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What is Love?

February 8, 2019

(NOTE: This is part two of a four-part series on love for the month of February. Part one can be found here.)

 

There are four primary Greek words for love. They are: storge; eros; philos; and agape. True Biblical love is agape love — self-sacrificial love that is determined by our behavior and actions, not just our feelings. It’s the noblest word for love in the Greek language. It originates from God, who is THE very definition of love (I John 4:8).

            

We often go to I Corinthians 13 to define love, where we find “agape” love. Again, that love is not just our attitude, but also our actions. When Paul defined love, he didn’t tell us about what kind of feelings we should have. He didn’t say, “Love feels sympathy, love feels compassion, love feels empathy.” He defined love based upon what it does and what it does not do. What are some of the characteristics of love?

 

“Is not puffed up” (v. 4): Prideful. Arrogant. The sin of pride is very subtle. We tend to see pride in others. But in our own lives, we don’t recognize it, and if we do, we don’t consider it a threat to our spiritual well-being. However, pride leads us away from God, not toward Him (Prov. 6:16-17). God hates pride and He will not tolerate it.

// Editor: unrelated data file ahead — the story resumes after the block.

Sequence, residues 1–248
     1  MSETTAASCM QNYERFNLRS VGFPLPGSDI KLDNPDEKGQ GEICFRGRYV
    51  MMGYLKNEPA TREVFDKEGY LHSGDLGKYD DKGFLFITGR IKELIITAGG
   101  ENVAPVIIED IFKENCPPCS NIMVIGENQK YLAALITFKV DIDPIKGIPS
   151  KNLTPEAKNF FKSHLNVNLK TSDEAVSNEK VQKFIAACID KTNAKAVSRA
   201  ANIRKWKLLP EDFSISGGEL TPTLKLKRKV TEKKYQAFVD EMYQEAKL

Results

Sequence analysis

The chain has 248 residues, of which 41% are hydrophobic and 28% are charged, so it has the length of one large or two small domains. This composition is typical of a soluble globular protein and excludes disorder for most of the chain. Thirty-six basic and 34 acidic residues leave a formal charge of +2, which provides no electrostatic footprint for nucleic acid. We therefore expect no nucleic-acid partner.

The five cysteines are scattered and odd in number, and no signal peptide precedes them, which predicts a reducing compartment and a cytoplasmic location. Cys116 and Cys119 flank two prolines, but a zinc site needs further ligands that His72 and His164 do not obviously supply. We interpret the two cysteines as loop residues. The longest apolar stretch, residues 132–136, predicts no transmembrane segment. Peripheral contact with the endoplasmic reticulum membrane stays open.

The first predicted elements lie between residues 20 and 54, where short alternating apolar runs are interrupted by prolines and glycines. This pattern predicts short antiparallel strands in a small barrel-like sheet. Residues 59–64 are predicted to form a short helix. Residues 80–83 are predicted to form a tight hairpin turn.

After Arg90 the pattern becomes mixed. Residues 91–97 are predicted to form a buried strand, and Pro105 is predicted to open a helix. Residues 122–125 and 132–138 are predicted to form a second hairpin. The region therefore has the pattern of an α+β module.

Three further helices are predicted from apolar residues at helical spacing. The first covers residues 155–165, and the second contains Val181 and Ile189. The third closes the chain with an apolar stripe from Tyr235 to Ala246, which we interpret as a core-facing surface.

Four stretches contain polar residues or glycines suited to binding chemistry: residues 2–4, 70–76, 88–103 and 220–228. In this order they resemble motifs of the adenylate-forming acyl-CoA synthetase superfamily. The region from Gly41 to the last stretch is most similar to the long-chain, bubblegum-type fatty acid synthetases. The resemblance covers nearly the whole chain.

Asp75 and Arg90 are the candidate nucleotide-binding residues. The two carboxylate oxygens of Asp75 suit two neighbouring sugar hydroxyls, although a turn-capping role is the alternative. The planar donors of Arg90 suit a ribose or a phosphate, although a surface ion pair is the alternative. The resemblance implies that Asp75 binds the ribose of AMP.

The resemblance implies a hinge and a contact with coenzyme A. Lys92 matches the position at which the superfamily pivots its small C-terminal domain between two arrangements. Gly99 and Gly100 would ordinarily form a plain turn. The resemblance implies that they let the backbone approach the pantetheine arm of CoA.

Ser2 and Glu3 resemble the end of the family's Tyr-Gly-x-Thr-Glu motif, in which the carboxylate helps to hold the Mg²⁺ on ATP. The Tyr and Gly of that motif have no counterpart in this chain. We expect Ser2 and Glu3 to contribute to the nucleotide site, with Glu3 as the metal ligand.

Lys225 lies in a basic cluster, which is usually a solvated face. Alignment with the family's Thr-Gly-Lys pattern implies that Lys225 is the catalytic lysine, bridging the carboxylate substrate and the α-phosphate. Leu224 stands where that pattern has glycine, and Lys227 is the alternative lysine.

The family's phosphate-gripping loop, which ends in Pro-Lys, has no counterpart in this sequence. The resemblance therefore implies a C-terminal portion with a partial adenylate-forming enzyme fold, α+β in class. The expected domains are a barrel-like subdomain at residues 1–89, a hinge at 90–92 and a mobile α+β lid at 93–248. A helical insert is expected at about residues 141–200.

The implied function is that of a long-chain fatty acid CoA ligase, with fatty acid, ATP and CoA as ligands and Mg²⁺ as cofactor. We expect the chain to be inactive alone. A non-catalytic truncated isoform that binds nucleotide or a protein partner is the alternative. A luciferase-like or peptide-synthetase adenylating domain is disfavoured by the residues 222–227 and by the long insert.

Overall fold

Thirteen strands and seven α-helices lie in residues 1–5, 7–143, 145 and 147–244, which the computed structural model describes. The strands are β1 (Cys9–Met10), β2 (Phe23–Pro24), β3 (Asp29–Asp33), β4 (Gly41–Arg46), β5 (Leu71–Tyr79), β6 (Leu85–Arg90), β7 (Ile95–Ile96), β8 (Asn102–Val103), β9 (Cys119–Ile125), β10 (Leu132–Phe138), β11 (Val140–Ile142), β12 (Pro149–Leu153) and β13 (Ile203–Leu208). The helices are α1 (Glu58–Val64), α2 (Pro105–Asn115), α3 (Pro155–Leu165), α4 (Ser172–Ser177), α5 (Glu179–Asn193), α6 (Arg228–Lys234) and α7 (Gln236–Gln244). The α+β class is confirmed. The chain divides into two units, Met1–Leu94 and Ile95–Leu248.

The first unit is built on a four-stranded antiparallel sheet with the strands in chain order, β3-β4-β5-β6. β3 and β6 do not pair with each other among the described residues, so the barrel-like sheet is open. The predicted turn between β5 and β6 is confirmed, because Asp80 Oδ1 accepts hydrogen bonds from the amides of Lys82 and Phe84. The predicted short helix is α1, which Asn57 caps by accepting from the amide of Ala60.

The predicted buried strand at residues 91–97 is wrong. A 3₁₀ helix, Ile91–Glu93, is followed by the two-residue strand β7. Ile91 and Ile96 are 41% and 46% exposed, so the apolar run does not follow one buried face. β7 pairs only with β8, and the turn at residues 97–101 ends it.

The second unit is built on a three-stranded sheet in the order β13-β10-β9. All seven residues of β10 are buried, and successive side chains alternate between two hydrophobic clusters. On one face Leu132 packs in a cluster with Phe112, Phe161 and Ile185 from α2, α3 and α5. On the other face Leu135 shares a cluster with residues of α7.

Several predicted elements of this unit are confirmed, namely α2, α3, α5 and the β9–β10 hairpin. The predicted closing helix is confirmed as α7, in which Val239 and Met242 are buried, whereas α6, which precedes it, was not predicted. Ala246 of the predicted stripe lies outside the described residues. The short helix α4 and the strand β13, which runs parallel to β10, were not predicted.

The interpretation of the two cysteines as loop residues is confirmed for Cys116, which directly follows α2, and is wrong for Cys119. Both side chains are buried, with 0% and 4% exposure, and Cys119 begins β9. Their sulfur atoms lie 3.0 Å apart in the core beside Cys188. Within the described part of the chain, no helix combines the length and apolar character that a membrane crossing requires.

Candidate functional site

“Does not behave rudely” (v. 5): Indecent. Improper. The original Greek translation is where we get our word “scheme.” To behave rudely is to go against the scheme — to go against what is the norm. Behave properly toward one another (Rom. 12:9-21). Love manifests itself with good manners, courtesy and politeness. Don’t forget the Golden Rule (Matt. 7:12).

 

“Does not seek its own” (v. 5): Desire. Demand. Love does not insist upon its own way. Love does what is best for others and puts others first. Love and service are tied together (Gal. 5:13-14). Failure to serve is a failure to demonstrate love. This is an important key to harmony among Christians. What if you woke up every morning thanking God for a new day of life, and your second thought was, “How can I serve others today?”

 

“Is not provoked” (v. 5): To stir. To anger. To incite. Love doesn’t go around with a chip on its shoulder looking for reasons to become upset or irritated. Love is not short-tempered. Love “suffers long” (v. 4). I may have the power to say or do whatever I want, but do I have the right? I must be able to control my words and my actions.

 

Many of us can quote the words of Paul in I Corinthians 13, but the more difficult part is putting them into practice in our lives.

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